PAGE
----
Ask the Wizard #242
Suppose there are two football games that I feel have a player advantage. Let’s say each has a 55% chance of winning, and I have to lay 110. Which is more profitable, to bet the games straight up or as a single parlay?
Rob from Las Vegas
Good question. Straight up, the advantage per wager is 0.55×(10/11) - 0.45 = 0.05. As a parlay, the advantage is (0.55)2×((21/11)2-1)-(1-(0.55)2) = 10.25%. So, it would seem the parlay is the way to go to maximize advantage.
However, the variance is greater as a parlay. If you are following the Kelly Criterion, then you will have to protect your bankroll for the parlay with a smaller wager. In this example, the optimal Kelly bet straight up is 5.48% of bankroll if the two games overlap, 5.50% if you first game ends before you bet on the second game, and 3.88% for the parlay. Multiplying the wager times the advantage, we get 0.00275 straight up (based on a 5.50% advantage) and 0.00397 for the parlay. Thus, the parlay results in the greater profit.
I considered the general case for this kind of question, looking also at 3-team and 4-team parlays and money line wagers. Assuming a small advantage for all bets, as a rule of thumb, if the probability of each event winning is less than 33%, then you should bet straight up. If each probability is between 33% and 52%, then you should do a 2-team parlay. If each probability is between 52% and 64%, then you should do a 3-team parlay. If each probability is greater than 64%, then you should do a 4-team parlay. If you are doing straight up wagers, then you are about equally well off doing 2-team or 3-team parlays, again assuming you have an advantage to begin with.
I should stress that if you are a recreational gambler going against a house edge (what sports bettor will admit to that?), then betting straight up minimizes the house advantage.
In London, there is a royal match side bet in baccarat. It pays if the Banker or Player get a king and queen in the first two cards. Do you have any odds on it?
Assuming eight decks, the house edge is 4.5%. For more information, visit my page on baccarat side bets.
I was at the Four Queens casino, which offers both 10/7 double bonus and 9/6 jacks or better. I only knew 9/6 strategy, so I played that. Another video poker player later rebuked me, saying I would have been better off playing the 9/6 strategy on the 10/7 machine. I disagree. There is a $5 bet riding on it. Who is right?
James from Las Vegas
The other video poker player is right. Here is the return table for 9/6 Jacks or Better, breaking down the four of a kinds, assuming optimal strategy.
9/6 Jacks or Better Return Table with Optimal 9/6 Strategy
|Three of a kind||3||1484003070324||0.074449||0.223346|
Using the probabilities above, but applying them to the 10/7 Double Bonus pay table, we get the following return table.
10/7 Double Bonus Return Table with 9/6 Strategy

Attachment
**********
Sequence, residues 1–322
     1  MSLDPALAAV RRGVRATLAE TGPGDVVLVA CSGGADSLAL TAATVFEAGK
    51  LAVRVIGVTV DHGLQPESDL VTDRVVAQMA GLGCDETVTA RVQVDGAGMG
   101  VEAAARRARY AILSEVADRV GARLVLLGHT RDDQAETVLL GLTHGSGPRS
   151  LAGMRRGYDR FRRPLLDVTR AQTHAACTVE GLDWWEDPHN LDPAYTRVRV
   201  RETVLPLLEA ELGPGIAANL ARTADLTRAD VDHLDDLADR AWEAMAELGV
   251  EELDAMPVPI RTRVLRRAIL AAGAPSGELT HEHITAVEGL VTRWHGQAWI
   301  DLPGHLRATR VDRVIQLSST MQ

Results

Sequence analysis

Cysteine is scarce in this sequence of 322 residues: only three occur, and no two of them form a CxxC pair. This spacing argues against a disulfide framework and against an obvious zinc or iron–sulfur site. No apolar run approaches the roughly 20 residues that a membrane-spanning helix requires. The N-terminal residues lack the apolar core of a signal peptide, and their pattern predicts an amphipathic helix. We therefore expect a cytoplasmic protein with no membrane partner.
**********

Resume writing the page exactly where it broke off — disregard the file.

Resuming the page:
|Three of a kind||3||1484003070324||0.074449||0.223346|
You can see the return is 99.63% playing 9/6 strategy on a 10/7 machine. You gain 0.63% from the better pay table but lose 0.54% from errors, for a net gain of 0.09%.
There is a promotion being advertised by a Las Vegas card room: Make a flush in all four suits and you get $400. You have to use both of your hole cards, and there is a five-hour time limit. Assuming 35 hands per hour, and that the clock starts with the first flush, what is the probability of achieving the other three flushes within five hours? Thanks.
Let’s say your first flush is in spades. At 35 hands per hour, in five hours 175 hands could be played. You then have 175 hands to make a flush in hearts, diamonds, and clubs. I’m going to assume the player never folds a hand that has a possibility of attaining a flush in one of the suits he needs.
The probability of a flush of a specific suit, let’s say hearts, using both hole cards is combin(13,2)×[combin(11,3)×combin(39,2) + combin(11,4)×39 + combin(11,5)]/(combin(52,2)×combin(50,5)) = 10576566/2809475760=0.003764605. In the next 175 hands the probability of missing a heart flush would be (1-0.003764605)175=0.51682599.
It would be incorrect to say the probability of failing to make the other three suits would be pr(no heart flush)+pr(no dimaond suit) + pr(no club flush), because you would double counting the probability of faling to make two of them. So you should add back in pr(no heart or diamond flush) + pr(no heart or club flush) +pr(no club or diamond flush). However, that would incorrectly over-subtract the probability of not making all three flushes. So you should add back in pr(no club, diamond, or heart flush).
The probability of going 175 hands and never get either of two specific suits is (1-2×0.003764605)175=0.266442448.
The probability of going 175 hands and never getting any of the three suits left is (1-3×0.003764605)175=0.137015266.
So the answer is 1-3×0.51682599 + 3×0.266442448 - 0.137015266 = 0.111834108.
I would like to thank dwheatley for his help with this problem. It is discussed on my bulletin board at Wizard of Vegas.
In casinos that offer 5X odds, if you bet a multiple of $15 they tend to allow you to bet $75 on points of 4 or 10, $100 on points of 5 or 9, and $125 on points of 6 or 8. That amounts to 5X on the 4 and 10, 6.67X on the 5 and 9, and 8.33X on the 6 and 8. I was wondering what the house edge is on this? Presumably it is slightly better than the 5X odds house edge you list on your page which assumes a straight 5X for all the numbers.
Zach from New York
Compared to 5X odds, that lowers the overall house edge from 0.326% to 0.269%. I don’t see why they would allow the extra odds bet on the 6 and 8, because a 5X bet at $75 would pay an even $90. However, as long as they did, I would take advantage of the extra odds, as long you are comfortable with the additional risk.